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An Essay On Cultural Criticism And Society In Prisms P.34

Prisms, essays in cultural criticism and society, is the work of a critic and scholar who has had a marked influence on contemporary American and German thought. It displays the unusual combination of intellectual depth, scope, and philosophical rigor that Adorno was able to bring to his subjects, whether he was writing about astrology columns in Los Angeles newspapers, the special problems of German academics immigrating to the United States during the Nazi years, or Hegel's influence on Marx.

In these essays, Adorno explores a variety of topics, ranging from Aldous Huxley's Brave New World and Kafka's The Castle to Jazz, Bach, Schoenberg, Proust, Veblen's theory of conspicuous consumption, museums, Spengler, and more. His writing throughout is knowledgeable, witty, and at times archly opinionated, but revealing a sensitivity to the political, cultural, economic, and aesthetic connections that lie beneath the surfaces of everyday life.

Prisms is included in the series, Studies in Contemporary German Social Thought, edited by Thomas McCarthy.

Poetry after Auschwitz: What Adorno Really Said, and Where He Said It

Gore Vidal remarks somewhere upon the irony that George Santayana is remembered today only for his warning about forgetting. (All who remember Santayana are doomed to repeat that those who do not remember history are doomed to repeat it.) Theodor Adorno seems to have suffered a similar fate, remembered by most nonspecialists only as a German gloom-meister who pronounced that after Auschwitz, poetry could no longer be written. Few realize that what Adorno actually wrote was more complex and subject to revision in his later work.

The original quote (always taken out of context and rarely footnoted) occurs in the concluding passage of a typically densely argued 1949 essay, "Cultural Criticism and Society," reprinted as the first essay in Prisms. Here is the entire passage,  from the English translation by Samuel and Shierry Weber:

The more total society becomes, the greater the reification of the mind and the more paradoxical its effort to escape reification on its own. Even the most extreme consciousness of doom threatens to degenerate into idle chatter. Cultural criticism finds itself faced with the final stage of the dialectic of culture and barbarism. To write poetry after Auschwitz is barbaric. And this corrodes even the knowledge of why it has become impossible to write poetry today. Absolute reification, which presupposed intellectual progress as one of its elements, is now preparing to absorb the mind entirely. Critical intelligence cannot be equal to this challenge as long as it confines itself to self-satisfied contemplation. (Prisms, 34)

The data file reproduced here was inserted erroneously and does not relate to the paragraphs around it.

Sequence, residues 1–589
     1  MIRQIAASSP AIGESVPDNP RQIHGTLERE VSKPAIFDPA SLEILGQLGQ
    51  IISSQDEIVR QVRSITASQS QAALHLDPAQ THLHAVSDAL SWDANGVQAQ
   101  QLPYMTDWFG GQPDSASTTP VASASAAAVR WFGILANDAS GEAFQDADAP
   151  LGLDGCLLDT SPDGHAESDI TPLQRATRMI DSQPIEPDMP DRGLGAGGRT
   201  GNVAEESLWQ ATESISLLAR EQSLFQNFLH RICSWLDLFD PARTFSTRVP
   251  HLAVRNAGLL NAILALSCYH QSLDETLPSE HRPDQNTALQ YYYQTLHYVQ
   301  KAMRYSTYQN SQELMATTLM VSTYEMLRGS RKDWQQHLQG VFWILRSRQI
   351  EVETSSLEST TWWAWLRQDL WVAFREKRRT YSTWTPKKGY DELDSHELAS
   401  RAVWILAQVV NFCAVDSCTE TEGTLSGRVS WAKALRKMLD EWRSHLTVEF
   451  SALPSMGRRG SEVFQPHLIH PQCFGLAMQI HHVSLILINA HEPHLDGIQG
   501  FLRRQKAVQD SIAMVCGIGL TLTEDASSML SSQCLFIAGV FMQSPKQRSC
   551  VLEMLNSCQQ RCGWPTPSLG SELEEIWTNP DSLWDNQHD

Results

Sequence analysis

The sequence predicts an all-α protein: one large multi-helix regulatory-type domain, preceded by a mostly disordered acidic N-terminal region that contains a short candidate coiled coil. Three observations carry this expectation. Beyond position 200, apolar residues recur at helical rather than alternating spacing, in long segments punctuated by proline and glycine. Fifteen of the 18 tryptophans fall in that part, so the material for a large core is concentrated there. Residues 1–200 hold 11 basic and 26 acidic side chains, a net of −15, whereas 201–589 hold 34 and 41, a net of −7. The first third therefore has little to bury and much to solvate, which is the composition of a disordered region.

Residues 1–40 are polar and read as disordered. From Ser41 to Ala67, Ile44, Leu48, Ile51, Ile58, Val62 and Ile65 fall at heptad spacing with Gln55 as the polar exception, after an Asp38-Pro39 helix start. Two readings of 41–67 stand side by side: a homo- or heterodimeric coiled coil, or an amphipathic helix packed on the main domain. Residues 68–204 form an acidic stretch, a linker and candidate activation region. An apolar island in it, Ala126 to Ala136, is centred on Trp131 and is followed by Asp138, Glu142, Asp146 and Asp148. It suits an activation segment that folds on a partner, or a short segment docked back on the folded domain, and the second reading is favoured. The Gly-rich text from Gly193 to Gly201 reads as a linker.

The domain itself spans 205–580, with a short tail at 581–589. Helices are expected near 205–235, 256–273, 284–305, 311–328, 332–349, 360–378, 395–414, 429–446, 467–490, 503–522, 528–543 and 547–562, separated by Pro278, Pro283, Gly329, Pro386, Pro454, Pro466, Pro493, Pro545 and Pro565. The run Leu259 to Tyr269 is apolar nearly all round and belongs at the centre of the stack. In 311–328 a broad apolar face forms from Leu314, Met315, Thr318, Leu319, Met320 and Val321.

It's a difficult passage from a difficult essay, made more difficult by being wrenched out of context. (One really must read the entire essay to understand the closing lines. If you find an inexpensive copy of Prisms in a secondhand bookstore, grab it.) Adorno's meaning, particularly what he means by the word "reification," becomes clearer when read in light of two earlier sentences in this same page-long paragraph: "In the open-air prison which the world is becoming, it is no longer so important to know what depends on what, such is the extent to which everything is one. All phenomena rigidify, become insignias of the absolute rule of that which is." Here's my paraphrase/interpretation of the key sentences: To persist, after Auschwitz, in the production of monuments of the very culture that produced Auschwitz (Adorno might have spoken of Strauss's Four Last Songs  rather than generalized "poetry") is to participate by denial in the perpetuation of that barbaric culture and to participate in the process (reification) that renders fundamental criticism of that culture literally unthinkable.

This is a harsh, devastating idea, and Adorno eventually came to consider it something of an overstatement. In his late work Negative Dialectics he offers this conditional revision--a revision that is, in its own way, perhaps even more devastating than the final paragraph of "Cultural Criticism and Society." I quote from the English translation by E. B. Ashton:

Perennial suffering has as much right to expression as a tortured man has to scream; hence it may have been wrong to say that after Auschwitz you could no longer write poems. But it is not wrong to raise the less cultural question whether after Auschwitz you can go on living--especially whether one who escaped by accident, one who by rights should have been killed, may go on living. His mere survival calls for the coldness, the basic principle of bourgeois subjectivity, without which there could have been no Auschwitz; this is the drastic guilt of him who was spared. By way of atonement he will be plagued by dreams such as that he is no longer living at all, that he was sent to the ovens in 1944 and his whole existence since has been imaginary, an emanation of the insane wish of a man killed twenty years earlier. (Negative Dialectics, 362-363)

This is a great and terrible passage, philosophy written with Kafka's ice-axe, history as a nightmare from which there is only one awakening. It's impossible for me to read these lines without thinking of Primo Levi, of Jean Amery, of Paul Celan (whom Adorno may well have had in mind as he wrote). This passage deserves to be at least as well-known as the line about poetry and barbarism.